Fact: The retention rate in the nonprofit sector is 32%, according to the Fundraising Effectiveness Report. So, on average, a nonprofit will keep less than a third of donors who make an initial gift. While our instinct is often to focus on recruitment and bringing new donors onboard, what if we turned our attention to the 68% of donors who come and go, as if through a revolving door?
During this global crisis, that approach may be more important than ever. While donor retention should always be a priority, it’s never been more crucial than it is right now to keep those who have already bought into your mission financially.
First, let’s look at three top reasons why donors leave:
- They’re no longer able to afford to support you (especially relevant today).
- They were never told how their money was used.
- They were never asked or reminded to give again.
While you can’t control the first reason, you have total control over the other two, and it’s a great time to evaluate your efforts and ask yourself: Are we doing those things, or do we have room for improvement?
Here are four ideas for steps you can take to boost donor retention and instill brand loyalty in your current supporters.
1. When someone gives, respond.
Got a first-time donor? Say thank you within 48 hours via phone or email. In a test with board members who called to thank donors within 48 hours, the donors they called gave an average of 39% more than those not called. Also, those called gave 42% more even after 14 months. (according to Claire Axelrad, Clairification). Appreciation goes a long way.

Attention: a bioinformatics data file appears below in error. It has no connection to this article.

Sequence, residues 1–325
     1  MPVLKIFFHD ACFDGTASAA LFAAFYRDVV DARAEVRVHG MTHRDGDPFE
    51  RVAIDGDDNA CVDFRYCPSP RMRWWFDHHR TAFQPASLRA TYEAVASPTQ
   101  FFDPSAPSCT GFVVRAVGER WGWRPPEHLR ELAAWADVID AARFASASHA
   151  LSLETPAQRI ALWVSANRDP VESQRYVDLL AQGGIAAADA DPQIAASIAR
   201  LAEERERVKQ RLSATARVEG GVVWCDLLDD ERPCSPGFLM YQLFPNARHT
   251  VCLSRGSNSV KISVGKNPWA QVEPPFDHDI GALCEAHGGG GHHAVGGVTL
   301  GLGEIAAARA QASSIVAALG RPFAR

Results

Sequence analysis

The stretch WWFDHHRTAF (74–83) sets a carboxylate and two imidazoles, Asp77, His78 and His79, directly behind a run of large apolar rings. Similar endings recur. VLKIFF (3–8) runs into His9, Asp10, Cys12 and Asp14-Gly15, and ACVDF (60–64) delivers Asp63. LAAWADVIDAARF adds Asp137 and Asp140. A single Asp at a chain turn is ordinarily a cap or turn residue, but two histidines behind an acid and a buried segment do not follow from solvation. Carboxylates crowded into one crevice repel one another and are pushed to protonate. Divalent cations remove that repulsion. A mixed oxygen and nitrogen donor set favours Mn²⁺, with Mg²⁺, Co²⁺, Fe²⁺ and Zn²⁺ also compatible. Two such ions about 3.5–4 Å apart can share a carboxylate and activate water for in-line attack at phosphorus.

2. Share donor impact stories and quantify support.
For example, “Because of your $500 gift, we are able to spay or neuter 10 cats.” Something specific like that brings value to your donor’s gift and helps them see how their money was spent. That’s so crucial because it clearly tells your supporter: “You are making a tangible difference.”
3. Involve them in other ways.
Don’t immediately make another ask right after they’ve donated, but do invite them to connect with your organization in other ways. This could include an invitation to an event, even if they’re all online right now, or to sign up for your newsletter, volunteer, join a team of brand evangelists, follow you on social media–anything to begin to build a relationship with your nonprofit beyond giving a gift. Establishing an emotional connection and a sense of loyalty is so important when it comes to retention.
4. Send a personalized, hand-written thank you letter.
Emails are great, newsletters can provide updates, but a personal note from a real person is bound to make an impact. Enlist your board members and your staff to put their pens to paper and start thanking your donors with a heartfelt message of gratitude.
One last tip: Let us do some of the heavy lifting for you. We have a brand new 2-week online event toolkit designed to engage your donors and breathe some life into your fundraising. It’s an affordable integrated marketing package that includes social media, email, direct mail and a customized landing page all designed to rally and motivate your donors when you need them most. And we can get it up and running in just 72 hours. You’re not in this alone; we have resources to support you and all hands on deck to help you reach your goals, even if it feels like an uphill battle.